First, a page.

The title of this essay, ‘Now that the various issues surrounding an ageing society are widely recognised on the global stage, there will be more policy convergence across countries’, poses several questions to be explored and answered. It questions the issues surrounding an ageing population, and sets the stage for a comprehensive and complete analysis of these problems. The second part of this question requires an in-depth analysis of the policies in place to deal with an ageing population in a comparative format. To answer this complex and multi-layered question, this essay examine the extent of the phenomenon of an ageing society on a global scale, to set the tone and allow you to truly understand the scale of this issue worldwide. After the scale of the problem has ben realized, this essay will then go on to examine the two main problems faced by a government with an ageing population: financial assistance such as pensions and access to healthcare. This will be followed by the comparisons of policies in place by Norway and Greece, to allow a complete comparative analysis of policy. This essay will then examine the Madrid response to ageing societies, and this will display that policy convergence is indeed happening across countries on a large and global scale. At the end of this essay, a conclusion will be followed by a list of all references used to research this article.
The extent of the phenomenon of the ‘ageing society’ worldwide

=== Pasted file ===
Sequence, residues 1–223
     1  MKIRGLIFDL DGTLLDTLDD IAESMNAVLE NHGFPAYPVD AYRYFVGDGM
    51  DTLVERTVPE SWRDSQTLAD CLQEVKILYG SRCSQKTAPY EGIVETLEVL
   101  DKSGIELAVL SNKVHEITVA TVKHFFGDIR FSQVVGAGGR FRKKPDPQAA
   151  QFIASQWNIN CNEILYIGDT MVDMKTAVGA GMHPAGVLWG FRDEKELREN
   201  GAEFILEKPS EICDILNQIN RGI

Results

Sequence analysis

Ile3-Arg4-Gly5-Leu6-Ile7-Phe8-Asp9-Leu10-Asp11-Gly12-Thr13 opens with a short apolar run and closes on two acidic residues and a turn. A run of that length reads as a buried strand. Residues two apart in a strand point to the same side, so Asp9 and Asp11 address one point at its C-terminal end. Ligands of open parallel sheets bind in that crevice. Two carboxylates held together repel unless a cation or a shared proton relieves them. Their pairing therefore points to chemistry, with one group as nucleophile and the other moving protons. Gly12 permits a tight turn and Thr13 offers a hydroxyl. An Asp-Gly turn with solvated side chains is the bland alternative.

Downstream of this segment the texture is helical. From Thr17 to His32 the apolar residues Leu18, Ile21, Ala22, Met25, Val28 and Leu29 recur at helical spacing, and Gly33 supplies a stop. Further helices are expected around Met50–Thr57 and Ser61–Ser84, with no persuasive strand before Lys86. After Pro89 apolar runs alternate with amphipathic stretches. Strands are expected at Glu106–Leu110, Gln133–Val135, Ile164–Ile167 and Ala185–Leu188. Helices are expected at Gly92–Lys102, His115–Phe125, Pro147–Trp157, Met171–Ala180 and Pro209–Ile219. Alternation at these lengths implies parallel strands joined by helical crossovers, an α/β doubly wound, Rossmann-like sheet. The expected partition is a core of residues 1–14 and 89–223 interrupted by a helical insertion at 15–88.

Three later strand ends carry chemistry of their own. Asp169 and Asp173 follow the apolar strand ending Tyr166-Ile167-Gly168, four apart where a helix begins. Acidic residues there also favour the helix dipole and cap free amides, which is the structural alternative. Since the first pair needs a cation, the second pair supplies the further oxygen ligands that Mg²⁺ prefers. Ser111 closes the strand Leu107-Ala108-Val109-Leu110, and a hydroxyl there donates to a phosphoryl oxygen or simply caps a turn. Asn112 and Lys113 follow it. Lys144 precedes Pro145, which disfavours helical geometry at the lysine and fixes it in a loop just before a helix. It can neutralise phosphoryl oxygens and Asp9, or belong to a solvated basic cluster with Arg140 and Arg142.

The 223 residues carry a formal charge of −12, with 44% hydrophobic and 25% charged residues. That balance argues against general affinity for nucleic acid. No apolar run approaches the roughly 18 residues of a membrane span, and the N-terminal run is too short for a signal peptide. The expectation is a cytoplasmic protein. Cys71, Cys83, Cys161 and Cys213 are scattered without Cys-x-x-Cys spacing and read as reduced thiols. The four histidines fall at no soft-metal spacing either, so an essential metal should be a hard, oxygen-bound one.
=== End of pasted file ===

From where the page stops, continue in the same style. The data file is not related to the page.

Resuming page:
When the term ‘ageing society’ is mentioned, it could be derived that the first thing to spring to mind would be the elderly living in a society being cared for in nursing homes. For the purposes of this essay, ten different people were asked the question, ‘what do you think of when you hear the term ageing society?’ and this was the response, or some very similar variation. This clearly shows the lack of knowledge of society of the sheer depth of the phenomenon of the ageing society.
A study carried out by the United Nations in association with Help Age International was published in 2012. This study gives some shocking facts into the true extent of an ageing society. According to the study, the ‘old’ sector of society, that being people over sixty years of age, is the fastest growing sector in the world. If this sector is broken down again, it can be divided into two categories, the ‘old’ and the ‘oldest old’. The ‘oldest old’ refers to people who are over eighty years of age, and this is the single most rapidly growing sector of the worldwide population.
To add some figures to back up these arguments, the United Nations report found that in in the year 1950, there were 250 million people in the world that were aged sixty and above. If this is compared to the current figure for 2012 which states there are over 810 million people currently alive that are over sixty years of age, it is clear to see that it is an extremely significant jump. However, the worrying fact is that it is predicted to keep on rising, with a figure of over two billion people estimated will be living in the year 2050 over the age of sixty.
There are several reasons for these sharp increases in population life expectancy. These include much lower fertility rates of the younger generations, better access to medical care, lower infant mortality rates, and better standards of living. The next question to be answered then, is what are the implications of this rapidly expanding sector of the population at a societal level, and how will governments cope? The Issues associated with an Ageing Society
There are many issues associated with an ageing society. These include financing the ageing population in terms of access to healthcare and ensuring they have adequate money to live off, insuring informal support systems for an...